Saturday, December 01, 2007

Seminars, and Thanksgiving

Hello again! Still here. Happy late Thanksgiving, and happy general holidays!

I’ve been so busy that I only just now finished writing about my trip home in my journal (of course, anyone who’s ever seen me try to keep a journal knows that my compulsion to record every detail of everything makes journals sort of a tricky thing with me . . . the answer is to type it, which makes being compulsive less time-consuming) . . . however, I’m officially done with my month of seminars, so hopefully I’ll have time to breathe now.

The first seminar, about human trafficking, went well, as I said. The next day, I went up to my big city English club to talk about Saturday Night Live. I think it’s an interesting part of American culture . . . but most people outside of America aren’t aware of it, even if they’ve seen dozens of movies starring SNL alums and based on SNL skits. Luckily, I have several “Best of” SNL DVDs, and had a variety of skits to show. I started with two old ones – Gilda Radner opening the show by answering “audience questions” off the top of her head, very cute, and later, dancing dramatically but awkwardly with equally clumsy Steve Martin, parodying Fred and Ginger. I also had Christopher Walken singing “Let’s Call the Whole Thing Off,” but only singing “pot-ay-to” and “tom-ay-to” instead of alternating, which they thought was funny (several club members are convinced he is British, despite my efforts to claim him for our own. I know he talks weird, but come on). Also had “The Continental” (ironically, a parody of Eastern Europeans), and Chris Farley’s awkward interviews with Jeff Daniels, Martin Scorsese and Paul McCartney on The Chris Farley Show. (“Remember . . . when you were in the Beatles?”)

That weekend I attended a birthday party for my former neighbors’ grandson. I brought the grandkids toys from America, and everyone’s very enamored with the interactive baby doll I was asked to get for the grand-daughter – she cries when you lay her down, but then when you give her a pacifier, she sleeps. One of the guests, a teacher at my school, said we should give them to the 11th graders for practice. (Which made me wonder . . . did anyone ever really have to take care of an egg to learn responsibility, like Sam did on “Clarissa Explains It All” . . . or was that only high schoolers on TV?)

The next week I taught HIV/AIDS lessons after school in preparation for our seminar that Friday. They went really well! I’m thankful that I never spoke Ukrainian in class before this, if only because the announcement that I would teach these classes in Ukrainian was enough to attract lots of students. Students who never spoke much to me before were full of questions – I guess they only just realized that I could answer them in Ukrainian. I was going to have a girl from the local Technical college translate, but she could only come once for part of one lesson, so I was on my own. However, the students were patient and forgiving of my Ukrainian, and we got along fine. The first day, we talked about biology, and I explained, with ridiculous drawings of B-cells and T4-cells, how HIV works (ridiculous because science has always been my worst subject . . . oh well, they got the point). The next day, it was just 11th graders for “Transmission and Prevention,” and even though they never speak much in English class, they were all ears for what was essentially a sex-ed class. Ha. All week, the students were wonderful – participating in the activities, playing the games, listening to me and even occasionally writing things down. On Wednesday, we did “Stigma and Discrimination,” and on Thursday, I gave them testimonies written by Ukrainians living with HIV, and they made posters telling the stories.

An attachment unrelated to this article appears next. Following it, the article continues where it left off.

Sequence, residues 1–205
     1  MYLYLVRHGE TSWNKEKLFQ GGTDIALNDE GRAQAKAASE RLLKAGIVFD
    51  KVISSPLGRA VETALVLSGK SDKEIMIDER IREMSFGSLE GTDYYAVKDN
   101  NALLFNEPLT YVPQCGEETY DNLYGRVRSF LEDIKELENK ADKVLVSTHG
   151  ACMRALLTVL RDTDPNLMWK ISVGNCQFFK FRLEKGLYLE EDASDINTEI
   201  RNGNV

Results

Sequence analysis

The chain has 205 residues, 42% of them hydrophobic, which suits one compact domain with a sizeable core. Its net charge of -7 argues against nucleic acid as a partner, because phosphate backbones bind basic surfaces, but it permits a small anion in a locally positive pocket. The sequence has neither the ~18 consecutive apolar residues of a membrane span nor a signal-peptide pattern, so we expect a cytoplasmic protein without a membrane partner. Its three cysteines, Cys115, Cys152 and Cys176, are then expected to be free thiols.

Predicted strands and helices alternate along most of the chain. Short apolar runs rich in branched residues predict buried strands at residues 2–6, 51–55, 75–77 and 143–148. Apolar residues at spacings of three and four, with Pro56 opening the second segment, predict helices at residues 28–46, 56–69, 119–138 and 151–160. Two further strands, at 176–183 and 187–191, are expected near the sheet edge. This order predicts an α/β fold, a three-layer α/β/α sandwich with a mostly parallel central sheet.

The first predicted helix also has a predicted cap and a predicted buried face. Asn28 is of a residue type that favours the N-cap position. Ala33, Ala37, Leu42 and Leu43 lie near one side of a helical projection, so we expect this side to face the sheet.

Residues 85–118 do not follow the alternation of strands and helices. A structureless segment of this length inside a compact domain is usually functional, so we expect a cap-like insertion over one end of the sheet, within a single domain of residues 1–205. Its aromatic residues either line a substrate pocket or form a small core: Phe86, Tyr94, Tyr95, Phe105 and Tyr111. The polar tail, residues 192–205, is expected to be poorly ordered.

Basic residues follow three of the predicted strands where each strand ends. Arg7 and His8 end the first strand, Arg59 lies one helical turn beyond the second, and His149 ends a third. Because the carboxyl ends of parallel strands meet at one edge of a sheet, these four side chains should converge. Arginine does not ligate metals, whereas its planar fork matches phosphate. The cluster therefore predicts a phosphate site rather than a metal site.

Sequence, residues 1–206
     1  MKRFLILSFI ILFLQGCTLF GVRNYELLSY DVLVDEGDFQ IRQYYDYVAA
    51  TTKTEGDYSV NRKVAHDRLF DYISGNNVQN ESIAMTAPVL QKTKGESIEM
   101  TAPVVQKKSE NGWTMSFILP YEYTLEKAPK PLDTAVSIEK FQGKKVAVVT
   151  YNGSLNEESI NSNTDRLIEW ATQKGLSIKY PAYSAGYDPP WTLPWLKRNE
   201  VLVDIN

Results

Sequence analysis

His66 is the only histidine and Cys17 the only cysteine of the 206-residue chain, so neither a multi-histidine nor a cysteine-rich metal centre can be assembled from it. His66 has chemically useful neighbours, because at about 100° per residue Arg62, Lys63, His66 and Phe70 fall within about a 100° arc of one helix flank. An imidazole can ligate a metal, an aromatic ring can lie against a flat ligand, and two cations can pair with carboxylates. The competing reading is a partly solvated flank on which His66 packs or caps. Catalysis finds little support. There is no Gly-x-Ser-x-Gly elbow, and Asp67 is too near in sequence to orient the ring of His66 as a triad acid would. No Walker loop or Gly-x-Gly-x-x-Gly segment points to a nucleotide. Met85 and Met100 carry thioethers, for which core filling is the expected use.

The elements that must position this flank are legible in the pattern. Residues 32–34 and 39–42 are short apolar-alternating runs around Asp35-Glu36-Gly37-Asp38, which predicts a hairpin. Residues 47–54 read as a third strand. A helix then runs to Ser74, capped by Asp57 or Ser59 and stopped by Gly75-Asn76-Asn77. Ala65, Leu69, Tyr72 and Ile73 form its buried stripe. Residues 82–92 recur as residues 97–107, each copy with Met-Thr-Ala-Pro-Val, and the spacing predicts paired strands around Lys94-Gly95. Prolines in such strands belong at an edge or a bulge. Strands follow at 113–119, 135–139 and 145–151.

The only crises for the seminar that week were finding a room with curtains to show the film (yes, I’ve been planning this for four months . . . but it turns out things are never fully arranged until they’re fully arranged, I guess), and the fact that I had to point the projector at the wall from an angle (where I had it plugged in), so the all-text movie (“Svetlana’s Life”) was slightly hard for them to read. Anyway, I succeeded in delivering another mini-speech in Ukrainian (which the girls who went to Camp Heal with me translated from English), a local doctor spoke, and we watched the movie. Everything went well, and the next week my coordinator told me that the kids asked for me to do more AIDS lessons in December! We agreed to hold off until the spring, but it was nice that they enjoyed it so much; they do AIDS Day (Dec. 1st) every year, but many said that they hadn’t understood much of what it was about until now.

That Saturday, I got to meet some newbies!! Yes, Vinnytska oblast is due to receive four new Volunteers in December. Clara and I were very excited, and went to meet the two who will be nearest to us – only twenty minutes each in either direction from me! They were both very nice, and it turns out that one, Matt, also lives a short drive away from me in Virginia. And, on top of that, my neighbor was his high school history teacher. More proof that I know everyone in Peace Corps (also referred to as “Six Degrees of Virginia”).